Urban camping ban. Let's call it what it is. A homeless camping ban.

On Next, you've heard from the homeless themselves and Mayor Michael Hancock, now a perspective from a home…owner.

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"Recently, they've been camping on my property," said Denver resident Jolene Taylor. "Our private property should be something that we as citizens and as taxpayers, we should be able to be on our private property and be safe."

Taylor lives near Speer Boulevard and Grant Street, near an area where homeless campers hang out during the day, just at the mouth of the Speer tunnel that goes under Broadway.

The campers can't stay there overnight because of the city's urban --err, homeless camping ban.

"(On April 10) I asked them to leave, that they were on private property, and they were great, they picked up their things and decided to leave pretty efficiently and pretty quickly," said Taylor. "Thursday morning, I called the police and asked for police assistance."

To help you understand what may have happened next, you need to understand Taylor's property. It doesn't end where her fence is built. Her property actually extends into what appears to be an alley between her home and a large garage next door. There is a spray-painted yellow line that indicates the property line.

She often finds homeless people sleeping in that alley area, when they're not directly under her bedroom window on her side of the fence.

"There was probably somewhere between 12 and 20. The guys that got in my face on Thursday morning, really had that tone, that 'We're going to be here. No one's going to remove us. We're going to be here,'" said Taylor. "They leave all of their trash behind. Beer bottles and cigarettes and food. I find clothes. One time there was sleeping bags and cat feeders, they were feeding a cat."

That's when she called Denver Police.

"The first go-around, the police officer basically just drove by and didn't make any attempt to talk to the gentlemen that were sleeping underneath my bedroom window," said Taylor.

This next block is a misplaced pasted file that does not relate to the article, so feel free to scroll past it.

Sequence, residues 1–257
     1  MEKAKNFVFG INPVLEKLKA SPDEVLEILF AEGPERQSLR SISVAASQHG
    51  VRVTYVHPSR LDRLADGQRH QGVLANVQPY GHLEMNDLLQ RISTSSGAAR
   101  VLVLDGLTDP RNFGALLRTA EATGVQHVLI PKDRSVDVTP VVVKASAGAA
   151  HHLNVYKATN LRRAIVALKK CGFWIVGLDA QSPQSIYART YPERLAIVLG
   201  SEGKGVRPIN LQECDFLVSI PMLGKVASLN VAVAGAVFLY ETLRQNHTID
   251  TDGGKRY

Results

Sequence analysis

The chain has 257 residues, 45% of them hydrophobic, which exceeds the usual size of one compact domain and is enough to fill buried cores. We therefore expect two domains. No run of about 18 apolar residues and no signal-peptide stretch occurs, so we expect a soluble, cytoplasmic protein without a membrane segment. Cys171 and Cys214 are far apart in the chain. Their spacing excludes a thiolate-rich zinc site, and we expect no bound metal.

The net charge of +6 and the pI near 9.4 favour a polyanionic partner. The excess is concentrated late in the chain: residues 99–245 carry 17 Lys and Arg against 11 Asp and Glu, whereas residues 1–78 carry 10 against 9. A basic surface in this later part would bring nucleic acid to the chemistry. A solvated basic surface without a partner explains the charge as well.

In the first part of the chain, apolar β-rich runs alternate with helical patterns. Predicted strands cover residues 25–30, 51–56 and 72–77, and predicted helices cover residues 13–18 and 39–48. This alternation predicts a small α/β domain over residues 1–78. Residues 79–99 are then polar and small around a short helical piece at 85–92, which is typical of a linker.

She said she called again and an officer returned.

"He told me to get signs made, which I have, they say 'No Trespassing, No Camping, No Loitering,'" said Taylor.

We asked a Denver Police about this interaction. A spokesman said he was unable to talk with the officer because they were already off for the day.

He referred us to the city's code on trespassing, which essentially states that someone is trespassing if:

1. You refuse to leave when asked by the owner
2. The area is fenced off
3. Signs give notice

Like the signs near her house on private property. The Red Cross parking lot down the street has "No Trespassing" signs. The small park across from the Visiting Nurses building has "No Camping" signs. Now, her fence is going to have signs, including lights and cameras.

"That was my whole reason for calling 9NEWS," said Taylor. "I don't know if we know as citizens what our rights are, and who do you call and what is the right course of action, and more over, who is accountable?"

Denver Police said she did the right thing by calling for an officer, and that residents need to be willing to sign a complaint for the officer to take action.

She even turned to her community on the Next Door website, where some neighbors quickly shamed her.

"Tell me where you live and I'll take them some food," said one reply.

"Try moving to Alaska, it's too cold for the homeless there," said another reply.

"My whole inspiration to come move in this neighborhood was to be in a walkable situation, where I could walk everywhere. And I want to know we're in a walkable city that's safe," said Taylor.